The language movement took a historic turn on 21 February 1952, when the students of Dhaka University protested against visiting Prime Minister Liaquat Ali Khan’s arrogant declaration on January 27 in Dhaka that Pakistan Shall have Urdu as the only state-language and that the Arabic script will be used in Writing Bengali. To quell the student demonstration, Police resorted to fire, killing four and injuring many others. This incident triggered the powerful language movement providing the most potent ingredient for Bangladesh nationalism. Sheikh Mujibur Rahman was locked in the Dacca Central Jail when blood was spilled in the University campus. While in jail he had gone on hunger strike on 14 February in demand for recognition of Bangla as state language, and for end to repression in East Pakistan. To stop him from contacting the student activists, Sheikh Mujibur Rahman was transferred to the jail in Faridpur district. Unable to withstand the popular pressure of the people, Sheikh Mujibur Rahman was released from prison on 26 February 1952.
In the first general elections of 1954, Sheikh Mujibur Rahman was elected to the East Pakistan Legislative Assembly. He served as the Minister for Cooperative, Credit and Rural reconstruction in the Cabinet of A. K. Fazlul Huq from 15 May, 1954 to 6 June, 1955. During June, 1955, he was elected to the National Assembly of Pakistan. On 06 September 1956, Sheikh Mujibur Rahman once again assumed the office of the Minister for Commerce, Labor and Industries in the Awami League cabinet led by Chief Minister Ataur Rahman Khan. He served in that capacity until 08 August, 1957 when he resigned to become full-time General Secretary of the Awami League.
To Sheikh Mujibur Rahman, the interest of the party was more important than that of the cabinet ministerial position, and felt that the Interest of the cabinet on occasions needed to be subordinated to party interests. On this issue he came into occasional altercation with Chief Minister Ataur Rahman Khan, and this began to create irreparable friction between the two leaders. However, now as the General Secretary of the Awami League Party, Sheikh Mujibur Rahman bore sole responsibility of the party’s multifarious activities, including the party’s organization in the legislature, and of political gatherings. His work led him to travel extensively throughout the countryside where he recruited people to the party, and established party offices countrywide. With his eloquence, wit, and gift of articulation, Sheikh Mujibur Rahman was able to attract large crowd to the Awami League gatherings and conventions.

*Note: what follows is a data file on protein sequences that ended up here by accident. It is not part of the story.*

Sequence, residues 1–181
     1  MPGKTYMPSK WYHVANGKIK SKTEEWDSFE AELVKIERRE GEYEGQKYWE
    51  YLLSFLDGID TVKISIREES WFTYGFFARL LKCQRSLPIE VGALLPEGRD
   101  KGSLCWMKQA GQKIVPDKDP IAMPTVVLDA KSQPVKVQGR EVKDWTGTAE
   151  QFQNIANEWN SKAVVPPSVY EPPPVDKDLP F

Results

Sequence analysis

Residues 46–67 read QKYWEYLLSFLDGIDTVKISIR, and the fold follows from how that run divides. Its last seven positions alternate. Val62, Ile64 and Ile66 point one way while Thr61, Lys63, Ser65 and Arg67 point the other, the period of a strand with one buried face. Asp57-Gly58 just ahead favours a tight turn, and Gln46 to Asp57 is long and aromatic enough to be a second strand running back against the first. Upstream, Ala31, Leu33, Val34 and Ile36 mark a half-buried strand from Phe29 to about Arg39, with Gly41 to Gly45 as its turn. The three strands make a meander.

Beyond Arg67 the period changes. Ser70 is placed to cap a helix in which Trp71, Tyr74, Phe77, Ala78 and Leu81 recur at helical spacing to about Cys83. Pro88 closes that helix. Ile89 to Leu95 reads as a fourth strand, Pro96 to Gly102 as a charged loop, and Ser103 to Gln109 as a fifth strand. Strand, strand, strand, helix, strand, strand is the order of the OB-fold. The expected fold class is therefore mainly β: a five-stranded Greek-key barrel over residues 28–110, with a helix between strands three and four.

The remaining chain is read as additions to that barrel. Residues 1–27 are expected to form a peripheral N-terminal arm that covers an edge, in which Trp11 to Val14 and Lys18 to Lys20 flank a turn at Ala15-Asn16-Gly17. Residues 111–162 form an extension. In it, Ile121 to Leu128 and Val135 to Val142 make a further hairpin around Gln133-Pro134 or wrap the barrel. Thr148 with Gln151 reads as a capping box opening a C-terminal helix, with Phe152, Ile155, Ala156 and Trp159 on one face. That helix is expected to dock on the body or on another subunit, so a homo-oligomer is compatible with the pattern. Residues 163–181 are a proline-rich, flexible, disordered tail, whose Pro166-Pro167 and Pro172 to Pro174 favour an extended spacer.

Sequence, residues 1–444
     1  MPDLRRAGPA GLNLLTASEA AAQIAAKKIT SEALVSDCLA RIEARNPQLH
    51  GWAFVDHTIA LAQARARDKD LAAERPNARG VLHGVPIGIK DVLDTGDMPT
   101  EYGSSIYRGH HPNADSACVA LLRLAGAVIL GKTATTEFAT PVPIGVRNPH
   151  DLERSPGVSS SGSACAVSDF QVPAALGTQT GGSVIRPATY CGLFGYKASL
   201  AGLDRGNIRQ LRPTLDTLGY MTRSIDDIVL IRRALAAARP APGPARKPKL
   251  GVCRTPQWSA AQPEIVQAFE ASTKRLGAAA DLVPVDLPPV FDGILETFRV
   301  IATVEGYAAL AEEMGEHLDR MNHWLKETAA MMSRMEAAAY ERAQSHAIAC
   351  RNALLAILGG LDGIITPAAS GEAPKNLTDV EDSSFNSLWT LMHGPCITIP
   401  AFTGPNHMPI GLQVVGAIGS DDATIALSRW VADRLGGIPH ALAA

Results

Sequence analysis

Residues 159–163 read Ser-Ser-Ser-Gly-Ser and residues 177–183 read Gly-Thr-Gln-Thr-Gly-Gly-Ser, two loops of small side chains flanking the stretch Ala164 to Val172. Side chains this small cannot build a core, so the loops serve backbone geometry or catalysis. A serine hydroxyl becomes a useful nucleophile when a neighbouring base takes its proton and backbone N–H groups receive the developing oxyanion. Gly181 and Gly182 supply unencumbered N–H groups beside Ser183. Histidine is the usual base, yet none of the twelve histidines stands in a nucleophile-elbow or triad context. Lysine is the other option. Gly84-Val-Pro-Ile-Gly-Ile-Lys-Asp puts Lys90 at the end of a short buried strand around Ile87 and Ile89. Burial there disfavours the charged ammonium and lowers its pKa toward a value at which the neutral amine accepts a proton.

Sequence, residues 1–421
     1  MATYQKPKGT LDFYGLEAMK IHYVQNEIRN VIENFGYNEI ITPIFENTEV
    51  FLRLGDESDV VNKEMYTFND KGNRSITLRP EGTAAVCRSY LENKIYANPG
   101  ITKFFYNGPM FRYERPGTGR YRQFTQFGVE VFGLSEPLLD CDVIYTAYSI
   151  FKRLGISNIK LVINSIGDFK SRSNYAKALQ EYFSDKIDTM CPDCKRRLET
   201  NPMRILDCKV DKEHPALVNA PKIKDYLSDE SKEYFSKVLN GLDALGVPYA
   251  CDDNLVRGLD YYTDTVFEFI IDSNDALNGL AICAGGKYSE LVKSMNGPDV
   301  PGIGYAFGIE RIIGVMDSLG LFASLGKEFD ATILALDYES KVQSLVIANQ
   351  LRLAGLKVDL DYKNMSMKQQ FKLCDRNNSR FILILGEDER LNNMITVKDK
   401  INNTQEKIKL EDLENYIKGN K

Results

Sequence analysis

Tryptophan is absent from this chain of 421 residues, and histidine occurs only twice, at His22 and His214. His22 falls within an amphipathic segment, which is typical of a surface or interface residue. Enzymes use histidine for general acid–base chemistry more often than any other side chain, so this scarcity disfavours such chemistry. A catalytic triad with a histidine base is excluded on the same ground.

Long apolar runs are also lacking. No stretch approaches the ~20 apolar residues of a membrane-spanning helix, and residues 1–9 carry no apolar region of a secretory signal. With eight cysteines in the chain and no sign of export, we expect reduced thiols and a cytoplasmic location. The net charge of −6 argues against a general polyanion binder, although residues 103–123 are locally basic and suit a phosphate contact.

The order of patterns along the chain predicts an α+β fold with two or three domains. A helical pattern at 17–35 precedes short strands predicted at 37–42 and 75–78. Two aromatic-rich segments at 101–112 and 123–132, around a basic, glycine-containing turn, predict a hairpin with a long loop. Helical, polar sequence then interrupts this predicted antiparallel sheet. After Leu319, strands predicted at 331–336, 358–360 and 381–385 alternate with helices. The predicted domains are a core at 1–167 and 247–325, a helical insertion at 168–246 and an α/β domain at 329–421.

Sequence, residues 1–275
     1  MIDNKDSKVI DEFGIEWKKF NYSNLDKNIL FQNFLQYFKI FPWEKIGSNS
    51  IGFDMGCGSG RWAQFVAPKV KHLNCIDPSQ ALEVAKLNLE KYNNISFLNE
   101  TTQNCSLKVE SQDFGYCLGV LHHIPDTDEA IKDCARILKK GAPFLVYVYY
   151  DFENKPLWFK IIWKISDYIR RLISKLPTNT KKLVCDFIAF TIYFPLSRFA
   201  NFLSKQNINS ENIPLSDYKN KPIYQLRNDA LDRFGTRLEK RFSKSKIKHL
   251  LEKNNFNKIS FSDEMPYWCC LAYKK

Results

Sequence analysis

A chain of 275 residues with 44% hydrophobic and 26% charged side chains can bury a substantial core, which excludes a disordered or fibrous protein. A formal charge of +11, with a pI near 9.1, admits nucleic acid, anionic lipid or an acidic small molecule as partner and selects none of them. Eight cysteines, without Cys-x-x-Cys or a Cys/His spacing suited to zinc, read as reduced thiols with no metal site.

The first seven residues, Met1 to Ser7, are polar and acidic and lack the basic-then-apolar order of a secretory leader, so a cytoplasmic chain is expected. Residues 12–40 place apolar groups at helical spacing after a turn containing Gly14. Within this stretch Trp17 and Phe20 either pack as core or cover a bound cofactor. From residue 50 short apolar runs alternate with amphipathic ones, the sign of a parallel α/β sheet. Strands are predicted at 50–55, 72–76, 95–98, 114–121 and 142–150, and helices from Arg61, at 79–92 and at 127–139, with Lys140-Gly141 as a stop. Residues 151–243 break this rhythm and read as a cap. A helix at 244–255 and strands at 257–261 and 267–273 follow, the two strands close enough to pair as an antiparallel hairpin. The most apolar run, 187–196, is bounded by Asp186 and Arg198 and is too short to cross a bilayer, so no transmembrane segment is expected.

Sheikh Mujib had widely traveled abroad at a time when such ventures were a rarity. He visited China twice; the first time in 1953 when he attended the Peking Peace Conference, and again in 1967 as Leader of the Pakistan Parliamentary Delegation. As a recipient of the United States government leadership grant, he visited that country in 1958. He, however, remained a critic of the United States of America for some of its policies related to the developments in the sub-continent; opposed acceptance by Pakistan of American economic and military assistance, and Pakistan’s participation in the military alliances with the United States, or for that matter, any other power.